Most of my stories seem to take place in summer. Maybe my memory is set to BST. Maybe I just haven’t gotten around to my winter set of stories yet.
Regardless, this story is set in the summertime and is about the times that your parents decide to set you free.
I was about 9 years old and I’d been playing ‘war’ with two of my cousins, Lee and John, who were both a few years older than me. This was a game that consisted of hiding in the long grass (that the council hadn’t gotten around to cutting yet) and pelting mud and stones at the Renehans.
The Renehans were an odd family but nothing too out of the ordinary for a council estate. They all had wonky home-cut-hair and shared a strange gait – which, it’d be fair to say, meant they bounced more than walked.
For these reasons alone, my cousins had marked them as the enemy in our little game – as the Germans.
Still in hiding, we slithered on our bellies like snakes through the dirt, avoiding ants-nests, dog shit and funny little discarded balloons with hard rubber rings. We were now only separated from the Germans by a small single-lane road. They wouldn’t know what had hit them.
We stood up from our cover, dirt grenades at the ready. With a cry of “WAR!!!!” we pelted them. They couldn’t do anything but turn and bounce away.
I say “we pelted them” but in actual fact my cousins’ aim was much better than mine. A point stressed by Lee, the younger of my two cousins.
This was the start of it…or was it? Maybe I’d been aware of it for sometime but on this day it really hit home: I was being teased, bullied and tormented by Lee.
The day carried on and so did the bullying. The trouble with childhood’s endless summer is the effect it has on your patience. Something snapped inside of me and I went for Lee.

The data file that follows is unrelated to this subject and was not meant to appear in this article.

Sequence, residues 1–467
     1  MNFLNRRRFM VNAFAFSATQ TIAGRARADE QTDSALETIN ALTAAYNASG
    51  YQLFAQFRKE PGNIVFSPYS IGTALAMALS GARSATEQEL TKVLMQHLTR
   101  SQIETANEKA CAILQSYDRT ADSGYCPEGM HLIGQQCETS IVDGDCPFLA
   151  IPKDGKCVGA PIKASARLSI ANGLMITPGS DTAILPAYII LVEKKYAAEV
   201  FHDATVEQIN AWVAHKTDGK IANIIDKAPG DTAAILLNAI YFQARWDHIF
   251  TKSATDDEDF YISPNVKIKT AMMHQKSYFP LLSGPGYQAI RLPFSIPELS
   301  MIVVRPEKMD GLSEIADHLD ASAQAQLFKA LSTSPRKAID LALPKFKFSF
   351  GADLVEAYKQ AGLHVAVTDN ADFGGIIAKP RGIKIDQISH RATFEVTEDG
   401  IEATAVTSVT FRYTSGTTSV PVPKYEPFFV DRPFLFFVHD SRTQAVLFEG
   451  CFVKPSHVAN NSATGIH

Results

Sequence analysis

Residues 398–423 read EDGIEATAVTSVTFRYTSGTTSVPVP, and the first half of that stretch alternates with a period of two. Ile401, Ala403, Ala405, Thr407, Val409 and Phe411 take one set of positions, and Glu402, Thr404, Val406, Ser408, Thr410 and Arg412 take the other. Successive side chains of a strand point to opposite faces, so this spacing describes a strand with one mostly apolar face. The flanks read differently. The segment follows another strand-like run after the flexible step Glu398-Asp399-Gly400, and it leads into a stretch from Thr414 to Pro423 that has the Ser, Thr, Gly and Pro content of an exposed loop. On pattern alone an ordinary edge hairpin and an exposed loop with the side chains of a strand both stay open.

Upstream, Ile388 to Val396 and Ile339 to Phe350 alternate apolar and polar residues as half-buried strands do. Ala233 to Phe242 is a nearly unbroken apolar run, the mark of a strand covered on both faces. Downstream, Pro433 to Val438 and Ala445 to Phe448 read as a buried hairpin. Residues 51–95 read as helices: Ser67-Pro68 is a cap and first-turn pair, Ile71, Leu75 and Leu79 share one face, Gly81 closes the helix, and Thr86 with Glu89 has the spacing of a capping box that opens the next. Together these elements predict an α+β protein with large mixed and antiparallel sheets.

John scampered off into his house to fetch his parents and mine. By the time they got back out of the house one of those human circles had developed around us, complete with cries of “fight, fight, fight”.
***For the benefit of people who have only known me as the good-looking, hunky, muscle-bound man who I am today, I should probably take some time to paint a picture of me at 9-years old: I liked staring at the sky, practicing my times-tables and going down the park in search of frogspawn and tadpoles.***
Needless to say, a fight with my cousin was a stupid move on my behalf. I looked to the crowd and spotted the faces of my Mom and Dad. Instant relief swept across me, a welcome breeze in the summer’s mad heat, and my furrowed fighters brow lessened.
I was saved.
No, I wasn’t. They had quickly grasped the situation, probably more aware of the bullying than I had been, and concluded that I was doing the right thing.
They were setting me free, cutting the apron strings, watching me grow, or any other number of poetic words that covered the fact that they were actually sending me to my death.
With no alternative (other than doing a Renehan and bouncing out of there) I re-furrowed my brow and got to work. I was only 9 but I’d seen my fair share of fights, kung-fu movies and domestic violence to draw from.
I threw a few punches and even managed a headlock before Lee decided he’d had enough and threw a punch that connected with my eye socket with such force that it knocked me on my arse. Fight over.
He looked at me on the floor, he looked around the crowd, he looked at my parents – gauging whether they were going to give him a good-hiding of their own or not – and then he reached out for my hand and helped me to my feet.
From then on the boundaries were set. He may have been the tougher out of the two of us but there was never another case of bullying.
Years later, when I started big-school, I remember him knocking on my door, walking with me through the park that wound from our neighbourhood to the school gates, in to the playground of my new school.
He’d made a name for himself here – as had his four older, tougher, brothers. No-one messed with me…
But those stories are for a colder time.